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The debate over stablecoins has come a long way since Facebook announced the creation of Libra (now rebranded Diem) almost exactly two years ago.

An obscure corner of the digital sphere that was poorly understood then is now subject to increasingly intense scrutiny by central bankers, regulators and investors. The stakes, including for financial stability, are high. Market capitalization, or circulating supply, of the four leading U.S. dollar stablecoins alone exceeds $100 billion

But more intense scrutiny does not mean better understanding. Start with the belief that stablecoins are intrinsically stable because they are “fully collateralized.” The question, of course, is: collateralized by what?

Naive investors in dollar-linked coins assume that the collateral takes the form of dollars held in federally insured U.S. banks or their close equivalent. But that is only partly correct. After being criticized for its opacity, the leading stablecoin issuer, Tether Limited, recently revealed that it held barely a quarter of its reserves in cash, bank accounts and government securities, while holding nearly half in commercial paper and another tenth in corporate bonds. The second leading stablecoin by capitalization, USD Coin, says only that it holds its reserves in insured U.S. depository institutions and other “approved investments.” Whatever that means.

Such murkiness creates risks for stablecoins themselves, for their investors and, critically, for the stability of financial markets. Lack of transparency about what quality of commercial paper, what kind of corporate bonds and what other “approved investments” are held as collateral is a source of fragility.

This kind of information asymmetry, where investors don’t know exactly what has been done with their money, has given rise to bank runs and banking crises through the ages. In this setting, a fall in the value of commercial paper or in the corporate bond market could easily spark a stablecoin run. And the fact of falling bond prices would mean that the stablecoin issuer lacked the wherewithal to pay off its holders.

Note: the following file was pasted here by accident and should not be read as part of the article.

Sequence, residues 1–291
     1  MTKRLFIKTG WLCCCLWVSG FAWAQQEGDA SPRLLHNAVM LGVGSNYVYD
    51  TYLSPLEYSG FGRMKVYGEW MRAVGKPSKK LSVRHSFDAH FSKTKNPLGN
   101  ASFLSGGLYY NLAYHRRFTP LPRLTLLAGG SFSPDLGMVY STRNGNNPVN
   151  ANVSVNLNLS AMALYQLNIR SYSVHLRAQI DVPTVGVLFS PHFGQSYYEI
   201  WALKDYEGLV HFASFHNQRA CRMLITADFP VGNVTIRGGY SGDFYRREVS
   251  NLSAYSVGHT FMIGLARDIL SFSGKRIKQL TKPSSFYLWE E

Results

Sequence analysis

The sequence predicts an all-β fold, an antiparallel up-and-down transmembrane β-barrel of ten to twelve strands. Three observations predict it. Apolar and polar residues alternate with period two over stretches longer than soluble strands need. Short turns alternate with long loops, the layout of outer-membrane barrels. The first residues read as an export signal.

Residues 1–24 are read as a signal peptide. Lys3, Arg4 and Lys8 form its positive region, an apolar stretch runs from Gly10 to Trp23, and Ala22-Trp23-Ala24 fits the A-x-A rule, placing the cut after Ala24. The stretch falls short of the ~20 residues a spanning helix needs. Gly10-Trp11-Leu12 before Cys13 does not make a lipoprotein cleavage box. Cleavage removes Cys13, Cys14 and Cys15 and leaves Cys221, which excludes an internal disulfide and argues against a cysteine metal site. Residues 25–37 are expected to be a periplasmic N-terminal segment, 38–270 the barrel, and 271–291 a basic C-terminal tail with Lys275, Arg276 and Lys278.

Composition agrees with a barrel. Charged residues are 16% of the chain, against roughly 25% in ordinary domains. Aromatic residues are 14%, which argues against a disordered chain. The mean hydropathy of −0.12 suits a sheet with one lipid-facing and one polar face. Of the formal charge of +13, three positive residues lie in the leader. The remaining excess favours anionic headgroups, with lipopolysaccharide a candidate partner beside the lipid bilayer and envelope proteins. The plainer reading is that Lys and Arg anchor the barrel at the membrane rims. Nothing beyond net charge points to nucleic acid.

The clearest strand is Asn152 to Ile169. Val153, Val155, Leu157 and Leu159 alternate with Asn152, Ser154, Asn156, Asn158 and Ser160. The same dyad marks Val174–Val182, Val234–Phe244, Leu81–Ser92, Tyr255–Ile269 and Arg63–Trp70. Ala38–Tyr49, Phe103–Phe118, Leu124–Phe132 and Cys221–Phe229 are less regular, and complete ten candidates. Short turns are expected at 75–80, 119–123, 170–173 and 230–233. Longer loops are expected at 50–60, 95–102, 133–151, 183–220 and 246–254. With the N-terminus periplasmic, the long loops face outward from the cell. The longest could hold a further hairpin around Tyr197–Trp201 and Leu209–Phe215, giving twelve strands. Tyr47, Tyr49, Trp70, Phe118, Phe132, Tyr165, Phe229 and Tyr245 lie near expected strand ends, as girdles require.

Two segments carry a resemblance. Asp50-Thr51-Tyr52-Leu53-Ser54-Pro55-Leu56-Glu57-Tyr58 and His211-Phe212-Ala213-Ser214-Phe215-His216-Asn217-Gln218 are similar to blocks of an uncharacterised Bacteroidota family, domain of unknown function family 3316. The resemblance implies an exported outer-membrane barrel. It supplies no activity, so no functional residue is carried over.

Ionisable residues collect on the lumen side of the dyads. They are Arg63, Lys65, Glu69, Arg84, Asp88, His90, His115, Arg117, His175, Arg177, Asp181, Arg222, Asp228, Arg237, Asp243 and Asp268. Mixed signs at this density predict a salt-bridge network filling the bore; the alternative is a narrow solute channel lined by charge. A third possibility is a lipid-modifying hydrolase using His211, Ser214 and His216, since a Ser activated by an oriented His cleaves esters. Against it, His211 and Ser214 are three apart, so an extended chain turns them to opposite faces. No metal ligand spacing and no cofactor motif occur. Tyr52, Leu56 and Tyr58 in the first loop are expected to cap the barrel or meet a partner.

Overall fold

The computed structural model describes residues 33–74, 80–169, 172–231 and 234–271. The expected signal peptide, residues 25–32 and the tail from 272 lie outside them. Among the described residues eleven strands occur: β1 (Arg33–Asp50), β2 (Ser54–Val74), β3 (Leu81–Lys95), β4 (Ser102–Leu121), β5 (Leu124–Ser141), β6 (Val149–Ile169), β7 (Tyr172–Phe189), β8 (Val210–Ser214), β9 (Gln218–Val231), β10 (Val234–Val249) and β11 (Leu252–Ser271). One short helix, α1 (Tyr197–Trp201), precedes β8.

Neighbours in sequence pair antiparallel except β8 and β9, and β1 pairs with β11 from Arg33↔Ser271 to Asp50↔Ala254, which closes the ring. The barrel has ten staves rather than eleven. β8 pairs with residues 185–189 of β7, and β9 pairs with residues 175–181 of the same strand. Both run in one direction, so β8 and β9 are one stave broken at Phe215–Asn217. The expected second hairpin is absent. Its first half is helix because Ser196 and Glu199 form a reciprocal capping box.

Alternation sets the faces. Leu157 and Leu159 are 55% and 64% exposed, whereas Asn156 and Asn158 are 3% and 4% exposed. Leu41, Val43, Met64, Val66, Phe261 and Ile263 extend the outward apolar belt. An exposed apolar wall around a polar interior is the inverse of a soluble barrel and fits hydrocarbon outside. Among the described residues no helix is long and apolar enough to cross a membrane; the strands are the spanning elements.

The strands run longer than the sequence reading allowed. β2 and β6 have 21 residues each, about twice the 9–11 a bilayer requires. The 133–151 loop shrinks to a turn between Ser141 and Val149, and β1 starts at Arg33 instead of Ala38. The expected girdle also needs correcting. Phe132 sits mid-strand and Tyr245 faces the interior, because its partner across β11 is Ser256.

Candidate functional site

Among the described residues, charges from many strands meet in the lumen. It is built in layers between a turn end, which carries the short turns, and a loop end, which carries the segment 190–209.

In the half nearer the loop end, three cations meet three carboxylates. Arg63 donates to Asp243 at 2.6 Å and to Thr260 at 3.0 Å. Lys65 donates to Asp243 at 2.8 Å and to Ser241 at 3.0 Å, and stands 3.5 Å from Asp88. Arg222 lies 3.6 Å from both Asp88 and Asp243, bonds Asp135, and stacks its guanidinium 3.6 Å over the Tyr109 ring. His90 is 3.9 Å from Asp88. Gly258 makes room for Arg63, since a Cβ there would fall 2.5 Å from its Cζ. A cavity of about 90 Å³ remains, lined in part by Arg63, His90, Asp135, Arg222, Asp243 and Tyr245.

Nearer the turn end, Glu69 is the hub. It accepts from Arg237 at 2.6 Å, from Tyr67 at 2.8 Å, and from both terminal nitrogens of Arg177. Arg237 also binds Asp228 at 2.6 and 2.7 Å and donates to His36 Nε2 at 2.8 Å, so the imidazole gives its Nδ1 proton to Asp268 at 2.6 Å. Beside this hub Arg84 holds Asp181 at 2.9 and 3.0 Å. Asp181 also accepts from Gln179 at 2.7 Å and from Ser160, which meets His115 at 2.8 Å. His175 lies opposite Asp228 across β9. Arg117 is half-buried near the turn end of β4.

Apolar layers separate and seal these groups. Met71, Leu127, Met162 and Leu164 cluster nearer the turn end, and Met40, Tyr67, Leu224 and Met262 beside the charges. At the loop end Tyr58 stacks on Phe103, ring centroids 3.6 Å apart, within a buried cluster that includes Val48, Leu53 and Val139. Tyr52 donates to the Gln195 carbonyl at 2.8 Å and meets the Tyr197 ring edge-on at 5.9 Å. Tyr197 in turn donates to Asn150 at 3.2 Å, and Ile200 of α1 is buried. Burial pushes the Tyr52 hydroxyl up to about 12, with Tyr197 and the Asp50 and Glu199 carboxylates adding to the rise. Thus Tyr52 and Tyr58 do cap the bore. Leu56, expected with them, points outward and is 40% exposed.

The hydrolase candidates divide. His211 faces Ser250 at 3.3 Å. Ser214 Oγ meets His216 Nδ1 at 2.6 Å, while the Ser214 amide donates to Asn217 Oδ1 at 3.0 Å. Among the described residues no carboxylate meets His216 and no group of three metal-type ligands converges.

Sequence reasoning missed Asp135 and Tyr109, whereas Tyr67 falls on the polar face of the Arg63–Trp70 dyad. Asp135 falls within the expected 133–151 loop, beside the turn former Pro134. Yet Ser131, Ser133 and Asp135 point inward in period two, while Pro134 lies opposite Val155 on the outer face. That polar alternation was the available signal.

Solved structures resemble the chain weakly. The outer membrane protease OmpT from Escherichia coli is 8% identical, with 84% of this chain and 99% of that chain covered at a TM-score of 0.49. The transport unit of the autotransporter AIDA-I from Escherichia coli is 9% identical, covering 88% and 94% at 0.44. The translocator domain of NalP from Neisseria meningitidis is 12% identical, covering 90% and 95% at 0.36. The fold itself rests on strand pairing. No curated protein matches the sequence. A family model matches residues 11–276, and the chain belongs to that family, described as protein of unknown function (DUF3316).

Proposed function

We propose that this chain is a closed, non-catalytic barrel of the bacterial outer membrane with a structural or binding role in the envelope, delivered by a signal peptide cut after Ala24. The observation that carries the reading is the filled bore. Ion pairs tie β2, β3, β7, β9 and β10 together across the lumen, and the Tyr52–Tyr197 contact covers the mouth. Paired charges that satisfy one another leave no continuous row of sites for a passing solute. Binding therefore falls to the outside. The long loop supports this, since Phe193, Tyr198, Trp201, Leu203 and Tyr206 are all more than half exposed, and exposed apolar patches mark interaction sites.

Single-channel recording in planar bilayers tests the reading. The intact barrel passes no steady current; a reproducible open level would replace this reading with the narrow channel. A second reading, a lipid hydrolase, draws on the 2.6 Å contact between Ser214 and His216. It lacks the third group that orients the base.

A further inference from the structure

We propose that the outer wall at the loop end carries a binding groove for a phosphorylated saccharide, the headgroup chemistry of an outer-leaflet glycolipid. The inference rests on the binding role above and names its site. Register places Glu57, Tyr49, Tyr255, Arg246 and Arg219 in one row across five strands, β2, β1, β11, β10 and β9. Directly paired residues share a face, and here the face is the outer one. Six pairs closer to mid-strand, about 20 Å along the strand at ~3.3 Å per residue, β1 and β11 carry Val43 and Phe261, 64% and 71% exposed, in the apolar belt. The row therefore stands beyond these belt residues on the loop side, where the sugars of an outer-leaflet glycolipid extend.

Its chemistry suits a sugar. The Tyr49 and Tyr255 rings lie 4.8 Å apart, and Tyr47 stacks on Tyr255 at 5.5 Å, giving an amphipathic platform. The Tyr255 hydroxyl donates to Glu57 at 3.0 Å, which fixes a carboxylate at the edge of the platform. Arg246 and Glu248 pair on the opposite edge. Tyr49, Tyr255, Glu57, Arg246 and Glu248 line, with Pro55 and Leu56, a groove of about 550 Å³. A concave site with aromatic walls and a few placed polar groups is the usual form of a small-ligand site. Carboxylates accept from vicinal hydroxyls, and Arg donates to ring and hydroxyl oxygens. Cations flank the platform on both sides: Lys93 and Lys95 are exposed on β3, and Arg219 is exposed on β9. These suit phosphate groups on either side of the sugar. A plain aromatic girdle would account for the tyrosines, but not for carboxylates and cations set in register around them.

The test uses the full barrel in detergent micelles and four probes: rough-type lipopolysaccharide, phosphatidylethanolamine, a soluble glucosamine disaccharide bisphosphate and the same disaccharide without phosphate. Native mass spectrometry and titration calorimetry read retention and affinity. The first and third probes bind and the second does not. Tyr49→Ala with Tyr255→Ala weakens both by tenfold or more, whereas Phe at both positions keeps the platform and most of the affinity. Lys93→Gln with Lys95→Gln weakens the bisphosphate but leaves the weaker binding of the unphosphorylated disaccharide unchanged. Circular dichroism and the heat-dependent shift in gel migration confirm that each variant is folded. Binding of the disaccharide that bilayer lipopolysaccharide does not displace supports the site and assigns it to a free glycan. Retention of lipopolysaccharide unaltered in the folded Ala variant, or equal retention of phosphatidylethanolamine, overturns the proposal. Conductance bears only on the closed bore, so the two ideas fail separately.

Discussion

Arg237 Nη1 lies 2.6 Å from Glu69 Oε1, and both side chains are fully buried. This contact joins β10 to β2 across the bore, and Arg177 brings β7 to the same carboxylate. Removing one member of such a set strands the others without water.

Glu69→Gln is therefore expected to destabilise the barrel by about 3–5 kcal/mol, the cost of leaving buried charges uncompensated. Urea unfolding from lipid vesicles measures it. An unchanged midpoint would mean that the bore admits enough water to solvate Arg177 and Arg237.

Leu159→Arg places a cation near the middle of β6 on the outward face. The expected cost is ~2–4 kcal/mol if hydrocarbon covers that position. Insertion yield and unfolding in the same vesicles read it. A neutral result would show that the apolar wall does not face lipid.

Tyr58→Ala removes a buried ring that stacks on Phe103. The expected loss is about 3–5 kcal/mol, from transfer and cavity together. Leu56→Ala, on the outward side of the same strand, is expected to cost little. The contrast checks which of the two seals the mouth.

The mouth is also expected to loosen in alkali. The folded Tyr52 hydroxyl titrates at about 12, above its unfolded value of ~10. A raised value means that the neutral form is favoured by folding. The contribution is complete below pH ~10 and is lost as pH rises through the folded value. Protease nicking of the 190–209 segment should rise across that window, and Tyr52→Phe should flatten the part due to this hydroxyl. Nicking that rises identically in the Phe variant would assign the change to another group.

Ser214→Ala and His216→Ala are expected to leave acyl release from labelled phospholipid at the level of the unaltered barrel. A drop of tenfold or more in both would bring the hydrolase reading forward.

In addition, there is the danger of contagion: A run on one stablecoin could spread to others. What are the chances that a run on Tether would leave confidence in USD Coin intact? The European Central Bank, which knows a thing or two about financial contagion, has warned against just this scenario.

To limit such problems in the banking system, governments insure retail deposits and central banks act as lenders of last resort to depository institutions. Some commentators, such as former Bank of England Gov. Mark Carney, have suggested that central banks should provide similar support to stablecoin issuers.

The authorities would agree to this, of course, only if those issuers were subject to stringent supervision designed to limit the incidence of problems. Stablecoin purveyors would have to apply for the equivalent of bank charters and be subject to the relevant regulation.

A stablecoin would then be nothing but a so-called narrow bank, authorized to invest only in Treasury bills and deposits at the central bank, with a Paypal-like payments mechanism built on top.

Alternatively, stablecoins could be regarded as the digital equivalent of prime money market funds, which similarly invest in commercial paper. The problem with this model, as we learned during the 2007-2008 global financial crisis, is that normally liquid commercial paper can abruptly become illiquid. When this happened in 2008, the U.S. government sought to quell the ensuing panic by temporarily guaranteeing all money market funds.

To prevent that from happening again, the Securities and Exchange Commission then issued rules requiring that funds, rather than maintaining a $1 share price, post floating net asset values as a reminder to investors that money market funds are not without risk. It allowed money funds to institute redemption gates, under which they can limit withdrawals and charge temporary fees of up to 2%.

Revealingly, Diem’s latest whitepaper similarly foresees redemption gates and conversion limits to protect the stablecoin against runs. But a stablecoin that is redeemable only for a fee or that can’t be redeemed for dollars in unlimited amounts won’t be an attractive alternative to Federal Reserve money, just as shares in money market mutual funds are an imperfect substitute for cash.

The more worrisome financial stability problem is that the market capitalization of the four largest U.S. dollar stablecoins already approaches that of the largest institutional mutual fund, JPMorgan Prime Money Market Fund.

A panic that forced these coins to liquidate a significant share of their commercial paper and corporate bond holdings would jeopardize the liquidity of those markets. And dislocations to short-term money markets can seriously disrupt the operation of the real economy, as we also learned at considerable cost in 2008.

The upshot is that the stability of stablecoins is an illusion. They are unlikely to replace Federal Reserve money, unlikely to revolutionize finance and unlikely to realize the dreams of their libertarian enthusiasts.

Barry Eichengreen is professor of economics at the University of California, Berkeley. He is the author of many books, including the forthcoming “In Defense of Public Debt.” ©Project Syndicate, 2021

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